Japanese Expansionism 1880-1941
Vander Klok, Cole A.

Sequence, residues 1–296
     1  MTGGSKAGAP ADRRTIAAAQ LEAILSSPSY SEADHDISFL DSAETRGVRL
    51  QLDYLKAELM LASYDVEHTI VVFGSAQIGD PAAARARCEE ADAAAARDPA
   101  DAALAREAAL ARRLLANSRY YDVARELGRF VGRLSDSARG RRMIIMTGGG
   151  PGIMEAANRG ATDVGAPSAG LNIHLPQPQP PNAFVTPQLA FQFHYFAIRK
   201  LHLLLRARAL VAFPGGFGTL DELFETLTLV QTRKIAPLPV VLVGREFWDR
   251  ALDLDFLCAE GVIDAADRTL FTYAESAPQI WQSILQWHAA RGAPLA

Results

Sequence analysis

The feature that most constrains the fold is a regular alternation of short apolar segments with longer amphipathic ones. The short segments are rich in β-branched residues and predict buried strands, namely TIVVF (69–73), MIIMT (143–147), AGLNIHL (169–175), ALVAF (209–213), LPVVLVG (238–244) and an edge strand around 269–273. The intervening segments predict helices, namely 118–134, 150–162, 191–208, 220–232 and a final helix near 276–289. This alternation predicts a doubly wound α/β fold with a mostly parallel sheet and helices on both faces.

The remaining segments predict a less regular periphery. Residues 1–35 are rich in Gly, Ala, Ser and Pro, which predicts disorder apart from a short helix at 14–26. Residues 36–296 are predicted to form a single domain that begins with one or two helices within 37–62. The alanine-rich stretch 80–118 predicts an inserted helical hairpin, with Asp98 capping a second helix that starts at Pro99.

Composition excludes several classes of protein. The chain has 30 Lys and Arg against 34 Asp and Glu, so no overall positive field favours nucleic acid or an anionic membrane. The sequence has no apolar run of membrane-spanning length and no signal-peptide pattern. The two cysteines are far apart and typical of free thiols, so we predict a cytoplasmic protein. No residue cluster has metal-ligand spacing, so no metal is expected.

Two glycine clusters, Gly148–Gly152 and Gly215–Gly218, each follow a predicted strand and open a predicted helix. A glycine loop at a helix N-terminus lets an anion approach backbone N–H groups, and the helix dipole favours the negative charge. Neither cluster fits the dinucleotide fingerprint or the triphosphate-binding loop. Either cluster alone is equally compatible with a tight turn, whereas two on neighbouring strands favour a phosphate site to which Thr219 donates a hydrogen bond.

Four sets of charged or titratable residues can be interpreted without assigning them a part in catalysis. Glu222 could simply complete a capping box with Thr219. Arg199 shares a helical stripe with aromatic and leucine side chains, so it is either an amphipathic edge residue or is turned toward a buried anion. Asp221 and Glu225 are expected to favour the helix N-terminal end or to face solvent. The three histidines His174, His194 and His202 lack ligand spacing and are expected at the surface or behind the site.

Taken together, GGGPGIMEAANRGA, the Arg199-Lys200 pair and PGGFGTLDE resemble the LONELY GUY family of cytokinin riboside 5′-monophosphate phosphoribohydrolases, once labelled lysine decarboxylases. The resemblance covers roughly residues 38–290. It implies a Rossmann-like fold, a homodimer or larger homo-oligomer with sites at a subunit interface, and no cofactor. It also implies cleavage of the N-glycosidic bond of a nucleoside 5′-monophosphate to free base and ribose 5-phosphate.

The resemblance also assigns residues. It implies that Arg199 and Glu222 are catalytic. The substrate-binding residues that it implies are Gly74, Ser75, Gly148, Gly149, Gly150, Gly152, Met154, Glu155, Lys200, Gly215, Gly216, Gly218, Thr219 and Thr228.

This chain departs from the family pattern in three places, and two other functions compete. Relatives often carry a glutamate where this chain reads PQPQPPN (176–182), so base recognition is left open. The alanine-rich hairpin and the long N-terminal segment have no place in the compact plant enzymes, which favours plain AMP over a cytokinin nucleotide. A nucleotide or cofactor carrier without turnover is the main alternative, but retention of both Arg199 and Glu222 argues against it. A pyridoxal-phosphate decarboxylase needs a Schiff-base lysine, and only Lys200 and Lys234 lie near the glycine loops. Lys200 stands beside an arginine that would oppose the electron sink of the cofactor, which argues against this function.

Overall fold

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In the year 1639, while China was again being overrun by foreigners, Japan adopted a policy of limiting its contact with the Western world to a small amount of trading with the Dutch. Japan adhered to this policy until 1853, when Commadore Perry of the United States established trade and diplomatic relations with the country through "gunboat diplomacy", that is to say, a show of-force and the threat to use it. Japanese society at the time was highly feudal and militaristic and while it had a cultural debt to China, it had distinctive language and life style as well as being geographically separate from China and the rest of the world. In short, they already had a strong sense of separate identity which amounted to a feeling of nationalism." Being of a militaristic background, the Japanese recognized,the strength of Perry and rather than resist this strength; it was decided to submit to this strength and adapt to it in hope of avoiding the same fate of China, that is to say, Western colonization. Japan went to great lengths, an almost total restructuring of its society, to loosen the Western grip on Japanese affairs and it was the Japanese tradition and submission to strength that allowed them to successfully deal with this problem. In less than fifty years Japan had not only rid itself of Western colonization, but was also becoming recognized as a world power, largely through its own show of force. In summary, the purpose of this paper is to study Japan's expansion and rise to world power from the late 1800's to 1941 and to attempt to relate the events af this expansion to Japan's entrance into World War II.If you are not a current K College student, faculty, or staff member, email email@example.com to request access to this SIP.